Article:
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Tom Swift and His Wireless Message/Chapter 21



Tom Swift's announcement of the practical completion of his wireless plant brought hope to the discouraged hearts of the castaways. They crowded about him, and asked all manner of questions.

Mr. Fenwick and Mr. Damon came in for their share of attention, for Tom said had it not been for the aid of his friends he never could have accomplished what he did. Then they all trooped up to the little shack, and inspected the plant.

As the young inventor had said, it was necessarily crude, but when he set the gasolene motor going, and the dynamo whizzed and hummed, sending out great, violet-hued sparks, they were all convinced that the young inventor had accomplished wonders, considering the materials at his disposal.

"But it's going to be no easy task to rig up the sending and receiving wires," declared Tom. "That will take some time."

"Have you got the wire?" asked Mr. Jenks.

"I took it from the stays of the airship," was Tom's reply, and he recalled the day he was at, that work, when the odd man had exhibited the handful of what he said were diamonds. Tom wondered if they really were, and he speculated as to what might be the secret of Phantom Mountain, to which Mr. Jenks had referred.

But now followed a busy time for all. Under the direction of the young inventor, they began to string the wires from the top of the dead tree, to a smaller one, some distance away, using five wires, set parallel, and attached to a wooden spreader, or stay. The wires were then run to the dynamo, and the receiving coil, and the necessary ground wires were installed.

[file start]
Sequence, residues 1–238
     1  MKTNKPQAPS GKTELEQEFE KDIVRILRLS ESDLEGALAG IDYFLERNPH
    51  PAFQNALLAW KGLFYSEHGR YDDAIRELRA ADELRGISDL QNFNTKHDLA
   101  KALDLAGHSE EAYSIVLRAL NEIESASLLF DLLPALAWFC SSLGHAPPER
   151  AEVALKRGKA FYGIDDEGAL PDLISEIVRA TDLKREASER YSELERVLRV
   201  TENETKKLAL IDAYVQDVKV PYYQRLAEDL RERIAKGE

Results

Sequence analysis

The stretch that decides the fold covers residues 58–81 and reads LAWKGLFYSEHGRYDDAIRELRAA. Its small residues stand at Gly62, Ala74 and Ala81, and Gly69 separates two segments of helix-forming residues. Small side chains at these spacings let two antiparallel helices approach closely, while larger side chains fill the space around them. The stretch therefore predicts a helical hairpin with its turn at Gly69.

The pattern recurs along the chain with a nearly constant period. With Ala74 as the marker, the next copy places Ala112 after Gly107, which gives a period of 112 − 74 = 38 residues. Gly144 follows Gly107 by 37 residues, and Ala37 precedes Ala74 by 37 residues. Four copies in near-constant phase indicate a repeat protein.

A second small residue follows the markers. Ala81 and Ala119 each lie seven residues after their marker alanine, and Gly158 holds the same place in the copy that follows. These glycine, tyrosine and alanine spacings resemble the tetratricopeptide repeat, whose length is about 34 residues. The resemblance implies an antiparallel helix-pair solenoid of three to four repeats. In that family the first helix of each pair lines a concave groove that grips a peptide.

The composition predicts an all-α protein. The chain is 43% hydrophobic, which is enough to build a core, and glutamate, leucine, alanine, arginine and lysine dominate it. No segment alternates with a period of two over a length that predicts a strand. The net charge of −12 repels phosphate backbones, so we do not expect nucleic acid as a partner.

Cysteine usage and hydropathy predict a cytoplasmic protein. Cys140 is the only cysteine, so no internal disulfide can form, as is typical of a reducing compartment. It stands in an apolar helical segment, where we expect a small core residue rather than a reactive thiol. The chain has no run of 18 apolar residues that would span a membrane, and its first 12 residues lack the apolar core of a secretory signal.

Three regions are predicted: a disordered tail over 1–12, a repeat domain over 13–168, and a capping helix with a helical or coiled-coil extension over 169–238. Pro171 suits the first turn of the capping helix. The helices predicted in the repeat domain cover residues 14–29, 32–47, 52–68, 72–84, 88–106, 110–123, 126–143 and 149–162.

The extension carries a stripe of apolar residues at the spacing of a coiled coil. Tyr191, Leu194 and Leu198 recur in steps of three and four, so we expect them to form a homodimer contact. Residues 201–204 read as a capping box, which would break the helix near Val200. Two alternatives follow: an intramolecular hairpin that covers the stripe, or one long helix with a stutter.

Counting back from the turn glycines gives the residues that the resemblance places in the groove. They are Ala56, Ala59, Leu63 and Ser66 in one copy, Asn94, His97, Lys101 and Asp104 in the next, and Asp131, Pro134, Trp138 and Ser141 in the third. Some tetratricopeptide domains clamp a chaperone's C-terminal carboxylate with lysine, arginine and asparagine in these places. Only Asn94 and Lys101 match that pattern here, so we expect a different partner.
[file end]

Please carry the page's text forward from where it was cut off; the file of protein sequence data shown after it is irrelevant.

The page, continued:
"But I can't understand how you are going to do it," said Mrs. Nestor. "I've read about wireless messages, but I can't get it through my head. How is it done, Mr. Swift?"

"The theory is very simple," said the young inventor. "To send a message by wire, over a telegraph system, a battery or dynamo is used. This establishes a current over wires stretched between two points. By means of what is called a 'key' this current is interrupted, or broken, at certain intervals, making the sounding instrument send out clicks. A short click is called a dot, and a long click a dash. By combinations of dots, dashes, and spaces between the dots and dashes, letters are spelled out. For instance, a dot and a space and a dash, represent the letter 'A' and so on."

"I understand so far," admitted Mrs. Nestor.

"In telegraphing without wires," went on Tom, "the air is used in place of a metallic conductor, with the help of the earth, which in itself is a big magnet, or a battery, as you choose to regard it. The earth helps to establish the connection between places where there are no wires, when we 'ground' certain conductors.

"To send a wireless message a current is generated by a dynamo. The current flows along until it gets to the ends of the sending wires, which we have just strung. Then it leaps off into space, so to speak, until it reaches the receiving wires, wherever they may be erected. That is why any wireless receiving station, within a certain radius, can catch any messages that may be flying through the air—that is unless certain apparatus is tuned, or adjusted, to prevent this.

"Well, once the impulses, or electric currents, are sent out into space, all that is necessary to do is to break, or interrupt them at certain intervals, to make dots, dashes and spaces. These make corresponding clicks in the telephone receiver which the operator at the receiving station wears on his ear. He hears the code of clicks, and translates them into letters, the letters into words and the words into sentences. That is how wireless messages are sent."

"And do you propose to send some that way?" asked Mrs. Anderson.

"I do," replied Tom, with a smile.

"Where to?" Mrs. Nestor wanted to know.

"That's what I can't tell," was Tom's reply. "I will have to project them off into space, and trust to chance that some listening wireless operator will 'pick them up,' as they call it, and send us aid."

"But are wireless operators always listening?" asked Mr. Nestor.